While routine dental care is critical to our cats' and dogs' oral and overall health, most pets don't receive the oral hygiene care that's so essential to the health of their teeth and gums.
At our veterinary hospital in Lakewood, we offer complete dental care services for your pet, from basics such as dental exams, teeth cleanings and polishing to dental X-rays and surgeries.
We are also happy to provide dental health education to pet parents about the importance of home dental care for their pets.
We understand that learning that your pet needs dental surgery can be alarming. We strive to make this process as stress-free as possible, for both you and for your pet.
We understand that finding out that your pet needs dental surgery can be overwhelming. We strive to make this process as stress-free as possible, for you and for your pet.
We'll do everything in our power to ensure your pet's experience with us is easy and comfortable. We'll explain each part of the process to you in detail prior to the procedure, including preparation and any post-operative care needs.
We offer tooth extractions, jaw fracture repair surgeries, and gum disease treatment for cats and dogs.
Just like we need to visit the dentist for an annual checkup, your dog or cat should see us for a dental examination at least once each year. Pets who are more susceptible to dental issues than others may need to come in more often.
Our vets at Red Rocks Animal Center can assess, diagnose and treat dental health issues in cats and dogs.
It's time to bring your pet in for a dental checkup if you notice any of these symptoms.
Before the dental exam, the vet will conduct a thorough pre-anesthetic physical assessment for your pet.
We will take blood and urine analyses to check that it's safe for your pet to undergo anesthesia. We may also need to do additional diagnostics such as chest radiographs.
Once your pet has been put under anesthesia, we will conduct a complete oral examination (tooth by tooth) and charting.
Next, the teeth are cleaned and polished (including under the gum line) and x-rays are taken. We then apply a fluoride treatment to each tooth.
The final step is to apply a dental sealant to prevent plaque from attaching to the enamel. If advanced periodontal disease is found, the veterinarian will develop a treatment plan and discuss it with you.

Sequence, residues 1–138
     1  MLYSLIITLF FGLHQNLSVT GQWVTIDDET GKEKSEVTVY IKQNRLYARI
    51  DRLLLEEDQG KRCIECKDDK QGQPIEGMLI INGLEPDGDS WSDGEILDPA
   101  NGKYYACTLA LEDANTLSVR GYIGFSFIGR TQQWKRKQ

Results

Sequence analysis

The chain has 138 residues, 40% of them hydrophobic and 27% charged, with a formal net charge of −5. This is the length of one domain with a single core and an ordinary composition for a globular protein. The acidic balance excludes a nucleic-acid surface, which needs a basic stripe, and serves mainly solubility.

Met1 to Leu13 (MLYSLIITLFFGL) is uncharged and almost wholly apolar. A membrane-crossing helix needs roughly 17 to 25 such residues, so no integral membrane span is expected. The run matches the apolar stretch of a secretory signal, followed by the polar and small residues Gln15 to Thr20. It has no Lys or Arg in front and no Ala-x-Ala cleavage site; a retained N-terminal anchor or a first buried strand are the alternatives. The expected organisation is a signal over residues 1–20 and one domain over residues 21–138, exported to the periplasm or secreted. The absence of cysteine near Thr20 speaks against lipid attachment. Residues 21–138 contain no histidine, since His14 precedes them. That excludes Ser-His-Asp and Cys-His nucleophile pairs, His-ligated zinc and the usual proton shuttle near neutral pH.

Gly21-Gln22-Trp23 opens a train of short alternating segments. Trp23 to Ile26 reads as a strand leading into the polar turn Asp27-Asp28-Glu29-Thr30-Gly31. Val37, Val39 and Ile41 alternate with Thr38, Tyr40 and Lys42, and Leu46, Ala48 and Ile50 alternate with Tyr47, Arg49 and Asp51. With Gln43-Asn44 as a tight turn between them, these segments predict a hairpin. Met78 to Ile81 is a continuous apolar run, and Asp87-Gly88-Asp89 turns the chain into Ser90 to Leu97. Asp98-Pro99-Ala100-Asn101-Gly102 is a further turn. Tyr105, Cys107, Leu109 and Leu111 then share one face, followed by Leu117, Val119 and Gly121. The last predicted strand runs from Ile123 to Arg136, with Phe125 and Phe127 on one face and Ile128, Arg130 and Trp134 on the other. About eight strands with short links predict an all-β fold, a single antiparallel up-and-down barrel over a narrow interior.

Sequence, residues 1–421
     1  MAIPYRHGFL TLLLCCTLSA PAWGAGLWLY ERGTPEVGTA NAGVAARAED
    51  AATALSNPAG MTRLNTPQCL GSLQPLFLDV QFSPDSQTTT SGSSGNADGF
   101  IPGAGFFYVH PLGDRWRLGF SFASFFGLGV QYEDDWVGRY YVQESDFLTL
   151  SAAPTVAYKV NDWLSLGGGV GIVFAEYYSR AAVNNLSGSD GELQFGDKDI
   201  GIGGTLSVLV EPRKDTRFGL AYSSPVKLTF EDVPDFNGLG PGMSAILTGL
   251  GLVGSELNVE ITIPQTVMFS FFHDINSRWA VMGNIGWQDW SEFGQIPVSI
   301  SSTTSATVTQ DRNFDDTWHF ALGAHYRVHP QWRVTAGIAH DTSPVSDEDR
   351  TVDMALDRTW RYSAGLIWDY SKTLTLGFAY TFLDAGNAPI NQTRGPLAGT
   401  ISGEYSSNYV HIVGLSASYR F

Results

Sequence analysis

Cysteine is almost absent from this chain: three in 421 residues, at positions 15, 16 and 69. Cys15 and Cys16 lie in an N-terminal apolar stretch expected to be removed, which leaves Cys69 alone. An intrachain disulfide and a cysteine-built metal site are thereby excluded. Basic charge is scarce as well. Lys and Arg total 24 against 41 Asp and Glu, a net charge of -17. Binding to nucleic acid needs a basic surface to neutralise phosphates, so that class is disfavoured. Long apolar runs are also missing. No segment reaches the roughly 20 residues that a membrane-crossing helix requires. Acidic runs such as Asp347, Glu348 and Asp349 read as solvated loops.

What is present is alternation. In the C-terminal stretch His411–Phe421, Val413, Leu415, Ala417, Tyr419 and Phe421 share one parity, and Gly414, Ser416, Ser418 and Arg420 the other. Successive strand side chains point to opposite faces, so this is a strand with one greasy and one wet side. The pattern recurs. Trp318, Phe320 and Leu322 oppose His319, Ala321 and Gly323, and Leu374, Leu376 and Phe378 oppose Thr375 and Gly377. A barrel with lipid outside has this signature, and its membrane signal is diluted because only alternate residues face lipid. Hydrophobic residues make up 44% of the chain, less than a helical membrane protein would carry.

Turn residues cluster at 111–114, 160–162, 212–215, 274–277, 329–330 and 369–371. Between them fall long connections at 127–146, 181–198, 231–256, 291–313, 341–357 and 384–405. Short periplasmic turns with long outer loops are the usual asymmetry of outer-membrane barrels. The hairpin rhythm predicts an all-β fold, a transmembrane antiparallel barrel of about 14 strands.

Ideally, a follow-up examination will be scheduled two weeks after the initial assessment and treatment appointment.
During this visit, we will discuss implementing teeth brushing at home. We can also recommend products that can help improve your pet's oral health.
Here are some of the most frequently asked questions we receive from our patients about pet dental care.
If our pets have poor oral health, they may develop periodontal disease or tooth decay.
Similar to humans, when animals eat, plaque attacks their teeth and can build up into tartar if not regularly brushed away.
This may lead to infections in the mouth, tooth decay, periodontal disease and even loose or missing teeth. That's why regular dental care is vital to preventing disease or pain in the gums.
Did you know that your pet's behavior may indicate oral health issues? If your pet is experiencing dental problems, they may paw at their mouth or teeth or you may notice them drooling (the drool may contain pus or blood) or yawning excessively. They may also stop grooming sufficiently and grind their teeth.
Other signs of oral health problems include tooth discoloration, bad breath and swollen gums. Some pets may even experience pain that prevents them from eating. Read more about symptoms under Pet Teeth Cleaning & Exams on this page.
Besides causing problems ranging from cavities and bad breath to severe periodontal disease, oral health issues and conditions can lead to disease in the liver, kidney, heart, and other areas throughout your pet's body.
Cysts or tumors may develop. Your pet may also not feel well in general (if you've ever had a toothache, you know how it can affect your mood!). In addition, diseases related to oral health conditions can shorten the lifespan of your pet and cause significant pain.
This is why regular dental care is so essential to animals' physical health and wellbeing.
During your pet’s regular oral exam, the vet dentist will examine his or her mouth and look for oral health conditions or any symptoms needing treatment.
The vet will clean tartar and other debris from your cat's or dog's teeth. If cavities, gingivitis, or other conditions need to be addressed, the vet will explain these to you and provide advice on which actions you should take.
In some cases, surgery will be needed to treat serious conditions. Your pet will be provided with anesthesia before their dental procedure to ensure they are comfortable and do not experience any pain. However, special care will be needed post-surgery.
If you notice any of these symptoms, schedule a dental appointment with us.
At home, you should brush your pet's teeth on a regular basis and give them dental chew toys. These will help eliminate plaque.
Do not allow them to chew on things that will damage their teeth, such as bones, toys or objects that are too hard. Always contact your vet with any questions or concerns regarding your pet's oral health.
Since cats and dogs do not understand what is happening during dental procedures, they will often react by biting or struggling.
Like the anesthesia dentists often provide to their human patients who may be anxious or nervous, our vets in Lakewood provide anesthesia to all of our patients before performing dental procedures. This puts less stress on the animals and allows us to X-ray their mouth as required.
We are happily accepting new patients at Red Rocks Animal Center! Our experienced vets are committed to the care of Lakewood pets. Reach out today to book your pet's first appointment.